I had the ring in my pocket; my plan was to pop the question over dessert--if I could wait that long. And the setting was as perfect as the joy in Helen's eyes . . . until he walked in.
270 pounds of flab in a suit that looked like he'd worn it every day for two years. Wheezing from his cab-to-front-door stroll like he'd just run a marathon. Hair like an abandoned bird's nest. In retrospect, I should have asked for a new table when he was seated next to us.
The staff was all over him like he was some hotshot movie star. Orson Wells, only bigger and more full of himself. "No menu," he said. "Bring me Scotch, a whole bottle. Tomato bisque. And a deep-fried leg of lamb." He moaned loudly as the waiter ran off. Then he looked at me and said, "What are you looking at, loser?" To Helen he said, "You can do a lot better than this fuck, honey."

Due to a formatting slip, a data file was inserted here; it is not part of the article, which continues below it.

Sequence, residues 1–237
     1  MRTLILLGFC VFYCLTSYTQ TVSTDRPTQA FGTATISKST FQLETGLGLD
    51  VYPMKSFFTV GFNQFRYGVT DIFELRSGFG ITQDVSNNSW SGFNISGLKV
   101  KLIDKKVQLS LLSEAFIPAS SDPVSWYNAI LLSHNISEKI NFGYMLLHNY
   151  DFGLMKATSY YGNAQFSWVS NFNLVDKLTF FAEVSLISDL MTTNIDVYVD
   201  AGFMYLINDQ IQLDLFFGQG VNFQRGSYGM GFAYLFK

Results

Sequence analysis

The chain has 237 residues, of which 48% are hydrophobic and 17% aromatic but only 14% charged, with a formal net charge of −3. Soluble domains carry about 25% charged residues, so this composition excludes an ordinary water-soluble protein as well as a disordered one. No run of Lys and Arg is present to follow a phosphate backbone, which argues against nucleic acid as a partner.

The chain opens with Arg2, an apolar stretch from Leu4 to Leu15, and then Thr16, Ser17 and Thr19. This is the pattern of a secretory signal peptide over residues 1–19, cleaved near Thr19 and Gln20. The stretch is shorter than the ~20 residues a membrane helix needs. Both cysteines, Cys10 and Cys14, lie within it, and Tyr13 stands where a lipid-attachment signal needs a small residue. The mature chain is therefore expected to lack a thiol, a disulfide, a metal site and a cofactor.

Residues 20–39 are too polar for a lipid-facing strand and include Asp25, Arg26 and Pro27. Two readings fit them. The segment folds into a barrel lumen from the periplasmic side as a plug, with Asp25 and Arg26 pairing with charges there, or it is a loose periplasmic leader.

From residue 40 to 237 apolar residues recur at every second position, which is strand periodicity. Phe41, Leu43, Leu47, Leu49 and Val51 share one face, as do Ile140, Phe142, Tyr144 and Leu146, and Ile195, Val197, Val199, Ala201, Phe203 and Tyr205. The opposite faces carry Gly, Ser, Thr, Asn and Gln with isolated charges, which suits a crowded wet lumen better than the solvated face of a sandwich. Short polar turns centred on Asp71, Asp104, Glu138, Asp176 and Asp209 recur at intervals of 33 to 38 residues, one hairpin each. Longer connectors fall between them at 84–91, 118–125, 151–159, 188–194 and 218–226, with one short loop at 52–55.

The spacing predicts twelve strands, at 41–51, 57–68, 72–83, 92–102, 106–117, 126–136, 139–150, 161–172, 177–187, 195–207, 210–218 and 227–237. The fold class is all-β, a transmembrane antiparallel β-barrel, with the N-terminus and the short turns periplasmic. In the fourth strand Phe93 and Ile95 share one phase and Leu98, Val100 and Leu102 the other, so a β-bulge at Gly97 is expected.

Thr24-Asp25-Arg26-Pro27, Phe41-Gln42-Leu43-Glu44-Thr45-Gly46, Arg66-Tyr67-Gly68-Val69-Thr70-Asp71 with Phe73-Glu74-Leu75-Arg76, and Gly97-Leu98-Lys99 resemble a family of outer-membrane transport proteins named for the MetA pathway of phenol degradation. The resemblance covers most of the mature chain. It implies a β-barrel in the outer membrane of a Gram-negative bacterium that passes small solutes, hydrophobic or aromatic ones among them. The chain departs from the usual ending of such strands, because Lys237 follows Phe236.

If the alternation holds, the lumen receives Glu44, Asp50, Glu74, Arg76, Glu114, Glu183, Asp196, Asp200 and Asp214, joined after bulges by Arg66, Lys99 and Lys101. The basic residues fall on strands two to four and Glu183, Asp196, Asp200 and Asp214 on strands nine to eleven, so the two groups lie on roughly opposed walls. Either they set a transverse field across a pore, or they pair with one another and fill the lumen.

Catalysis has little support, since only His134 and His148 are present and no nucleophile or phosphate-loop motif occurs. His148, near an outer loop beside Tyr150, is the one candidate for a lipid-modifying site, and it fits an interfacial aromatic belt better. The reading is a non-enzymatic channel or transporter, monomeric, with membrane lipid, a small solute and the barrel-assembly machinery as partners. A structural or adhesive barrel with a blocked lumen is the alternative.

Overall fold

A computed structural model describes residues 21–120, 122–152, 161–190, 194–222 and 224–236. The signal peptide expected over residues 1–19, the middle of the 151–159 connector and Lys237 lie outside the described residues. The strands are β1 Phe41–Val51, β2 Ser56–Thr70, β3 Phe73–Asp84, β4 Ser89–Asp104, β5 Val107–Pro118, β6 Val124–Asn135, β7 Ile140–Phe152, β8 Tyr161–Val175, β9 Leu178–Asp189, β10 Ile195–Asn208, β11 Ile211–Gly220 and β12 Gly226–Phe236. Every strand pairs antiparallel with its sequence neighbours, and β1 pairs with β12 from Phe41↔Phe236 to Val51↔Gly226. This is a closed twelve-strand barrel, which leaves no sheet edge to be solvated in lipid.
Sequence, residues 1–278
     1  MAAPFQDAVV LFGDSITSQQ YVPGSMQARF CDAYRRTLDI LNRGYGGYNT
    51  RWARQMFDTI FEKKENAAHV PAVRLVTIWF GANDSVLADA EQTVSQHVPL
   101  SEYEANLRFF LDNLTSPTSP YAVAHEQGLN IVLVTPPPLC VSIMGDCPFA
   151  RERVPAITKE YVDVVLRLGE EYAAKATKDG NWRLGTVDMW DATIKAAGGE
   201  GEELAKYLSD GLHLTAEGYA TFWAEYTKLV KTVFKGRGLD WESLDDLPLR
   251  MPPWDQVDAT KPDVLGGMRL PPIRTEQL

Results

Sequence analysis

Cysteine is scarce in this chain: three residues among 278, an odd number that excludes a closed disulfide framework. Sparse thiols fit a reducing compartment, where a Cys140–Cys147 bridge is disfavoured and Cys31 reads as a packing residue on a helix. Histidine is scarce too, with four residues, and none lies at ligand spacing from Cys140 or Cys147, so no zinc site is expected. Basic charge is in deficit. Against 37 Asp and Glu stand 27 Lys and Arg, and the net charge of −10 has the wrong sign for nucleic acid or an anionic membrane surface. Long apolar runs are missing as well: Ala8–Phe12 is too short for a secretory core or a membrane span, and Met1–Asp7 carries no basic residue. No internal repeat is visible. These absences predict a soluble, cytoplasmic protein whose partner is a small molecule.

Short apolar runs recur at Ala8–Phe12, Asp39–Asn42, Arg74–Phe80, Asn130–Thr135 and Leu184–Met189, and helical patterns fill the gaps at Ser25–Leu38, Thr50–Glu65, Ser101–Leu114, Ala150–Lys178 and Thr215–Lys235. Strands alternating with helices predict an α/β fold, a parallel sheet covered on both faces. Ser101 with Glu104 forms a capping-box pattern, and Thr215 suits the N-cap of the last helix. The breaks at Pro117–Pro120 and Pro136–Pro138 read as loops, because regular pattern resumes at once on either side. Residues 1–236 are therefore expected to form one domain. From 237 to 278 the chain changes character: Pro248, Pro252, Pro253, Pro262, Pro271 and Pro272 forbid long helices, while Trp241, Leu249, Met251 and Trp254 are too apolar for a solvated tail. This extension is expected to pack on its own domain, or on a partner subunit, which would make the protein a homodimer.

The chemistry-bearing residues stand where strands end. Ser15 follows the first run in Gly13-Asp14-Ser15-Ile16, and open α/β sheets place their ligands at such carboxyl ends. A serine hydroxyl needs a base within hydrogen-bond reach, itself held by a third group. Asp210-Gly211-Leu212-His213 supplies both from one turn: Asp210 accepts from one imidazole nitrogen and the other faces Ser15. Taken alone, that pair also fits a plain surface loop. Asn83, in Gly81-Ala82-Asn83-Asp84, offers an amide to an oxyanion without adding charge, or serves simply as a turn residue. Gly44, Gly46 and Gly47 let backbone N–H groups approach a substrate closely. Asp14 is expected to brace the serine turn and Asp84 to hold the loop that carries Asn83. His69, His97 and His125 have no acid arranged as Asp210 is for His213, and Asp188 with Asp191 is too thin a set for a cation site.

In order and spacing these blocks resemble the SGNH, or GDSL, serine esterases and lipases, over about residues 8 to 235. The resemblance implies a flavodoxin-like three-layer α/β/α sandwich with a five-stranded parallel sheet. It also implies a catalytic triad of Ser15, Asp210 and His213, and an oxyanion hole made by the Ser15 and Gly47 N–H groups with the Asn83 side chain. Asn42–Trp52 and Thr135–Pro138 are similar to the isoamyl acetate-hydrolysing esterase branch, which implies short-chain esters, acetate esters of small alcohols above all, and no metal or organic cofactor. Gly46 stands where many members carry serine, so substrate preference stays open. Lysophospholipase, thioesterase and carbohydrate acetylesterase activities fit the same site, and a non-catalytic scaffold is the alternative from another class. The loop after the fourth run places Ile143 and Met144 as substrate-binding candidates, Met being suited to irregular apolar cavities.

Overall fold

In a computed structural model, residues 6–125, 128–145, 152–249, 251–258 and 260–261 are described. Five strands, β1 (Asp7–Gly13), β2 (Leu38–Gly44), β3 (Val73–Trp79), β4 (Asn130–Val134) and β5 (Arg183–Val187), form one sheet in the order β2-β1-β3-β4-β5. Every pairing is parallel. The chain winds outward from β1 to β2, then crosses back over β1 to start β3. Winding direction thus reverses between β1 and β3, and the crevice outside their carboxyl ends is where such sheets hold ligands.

Mercifully, his bottle of Scotch arrived, distracting him. He chugged a quarter of the bottle and then grunted like a rutting water buffalo. Helen was looking at him with pure disgust, like he was some mutant hog who'd just climbed out of a vat of raw sewage.
The gargantuan slob took another swig and howled like a wolf as his soup arrived. He groaned and fell face-forward into the tomato bisque and came up looking like the angry sunburned ass of a Hamadryas baboon. I glanced at Helen. She was heaving like a dog preparing to puke up the roadkill possum it ate two days ago.
Suddenly, from out of nowhere, a devastatingly handsome gentleman with muttonchops came up, forcibly escorted the bloated ox-creature out of the restaurant, and returned, taking his table. Then, as if I weren't even there, he turned to Helen and said, "I'm Evil Editor. I know of a more romantic place, if you'd care to join me?"
The nerve of the guy! And she went with him! I couldn't believe it. I sat there in a stupor, feeling angry and deceived and screwed . . . and yet at the same time, feeling wildly jealous . . . of Helen.